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Google's semi-controversial Street View technology is once again making headlines, this time because of a heavy-handed fine imposed by France's data privacy regulator. According to an AFP report, France fined Google 100,000 euros today, or about $142,000 in U.S. currency, for collecting private information. It's the biggest fine ever handed out by the National Commission for Information Freedom (CNIL) since the organization obtained the power to do so in 2004.
Europe has a history of opposing Google's Street View service, mostly because of privacy concerns. However, Google did admit in 2010 that camera-mounted cars taking photos were also capturing Wi-Fi signals and capturing unencrypted private data, like passwords and emails. None of this was intentional and the information was supposed to be destroyed, but according to CNIL, "Google has not refrained from using the data identifying Wi-Fi access points of individuals without their knowledge."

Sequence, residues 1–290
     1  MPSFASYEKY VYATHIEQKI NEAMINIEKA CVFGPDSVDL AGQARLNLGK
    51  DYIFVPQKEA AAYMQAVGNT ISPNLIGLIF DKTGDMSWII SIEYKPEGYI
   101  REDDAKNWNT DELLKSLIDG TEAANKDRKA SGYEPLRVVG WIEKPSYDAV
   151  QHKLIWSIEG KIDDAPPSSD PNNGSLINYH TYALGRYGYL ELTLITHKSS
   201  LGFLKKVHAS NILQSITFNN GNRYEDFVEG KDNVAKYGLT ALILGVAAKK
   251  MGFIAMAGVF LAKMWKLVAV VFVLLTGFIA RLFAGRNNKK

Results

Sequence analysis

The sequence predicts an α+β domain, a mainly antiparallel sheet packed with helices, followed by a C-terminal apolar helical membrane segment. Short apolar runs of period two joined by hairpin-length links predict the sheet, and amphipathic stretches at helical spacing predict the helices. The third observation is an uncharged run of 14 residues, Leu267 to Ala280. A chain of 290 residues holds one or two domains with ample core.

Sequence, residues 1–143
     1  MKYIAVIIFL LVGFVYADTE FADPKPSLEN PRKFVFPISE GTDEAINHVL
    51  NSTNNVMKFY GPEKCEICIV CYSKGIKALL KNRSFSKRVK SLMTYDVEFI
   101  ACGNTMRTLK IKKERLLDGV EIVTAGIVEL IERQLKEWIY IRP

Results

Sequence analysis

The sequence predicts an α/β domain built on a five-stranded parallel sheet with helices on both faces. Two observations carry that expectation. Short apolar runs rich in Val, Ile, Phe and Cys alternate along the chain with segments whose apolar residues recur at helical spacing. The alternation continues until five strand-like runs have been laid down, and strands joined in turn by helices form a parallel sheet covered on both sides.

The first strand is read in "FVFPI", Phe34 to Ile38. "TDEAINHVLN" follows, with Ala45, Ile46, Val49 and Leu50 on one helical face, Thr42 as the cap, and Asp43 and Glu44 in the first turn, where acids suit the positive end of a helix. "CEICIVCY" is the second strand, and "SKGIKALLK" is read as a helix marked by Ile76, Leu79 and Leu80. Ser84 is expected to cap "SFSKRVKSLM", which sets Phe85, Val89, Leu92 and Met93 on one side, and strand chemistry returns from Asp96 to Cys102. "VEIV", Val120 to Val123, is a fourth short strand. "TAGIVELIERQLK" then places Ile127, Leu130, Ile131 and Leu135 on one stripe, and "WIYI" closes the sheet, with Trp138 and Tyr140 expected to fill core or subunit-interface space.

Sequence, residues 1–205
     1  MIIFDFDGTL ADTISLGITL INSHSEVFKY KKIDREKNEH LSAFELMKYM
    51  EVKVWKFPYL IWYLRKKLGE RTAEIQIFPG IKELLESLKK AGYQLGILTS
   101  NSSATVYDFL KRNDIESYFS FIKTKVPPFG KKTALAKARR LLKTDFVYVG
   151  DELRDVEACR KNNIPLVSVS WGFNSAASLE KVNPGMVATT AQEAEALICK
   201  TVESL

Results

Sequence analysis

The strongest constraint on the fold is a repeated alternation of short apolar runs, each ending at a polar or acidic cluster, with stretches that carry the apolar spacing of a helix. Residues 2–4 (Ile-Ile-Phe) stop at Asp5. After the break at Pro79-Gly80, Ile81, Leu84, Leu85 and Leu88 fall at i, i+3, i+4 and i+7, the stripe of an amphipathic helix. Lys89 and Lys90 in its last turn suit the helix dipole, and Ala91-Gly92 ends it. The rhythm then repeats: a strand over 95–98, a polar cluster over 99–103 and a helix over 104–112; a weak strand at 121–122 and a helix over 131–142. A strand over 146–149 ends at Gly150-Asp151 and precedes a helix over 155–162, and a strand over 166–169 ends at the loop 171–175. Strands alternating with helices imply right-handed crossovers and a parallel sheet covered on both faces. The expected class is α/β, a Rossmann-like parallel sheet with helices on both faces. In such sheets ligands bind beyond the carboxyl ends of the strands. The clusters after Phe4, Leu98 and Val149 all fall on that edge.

This played at least a partial role in France's decision to fine Google.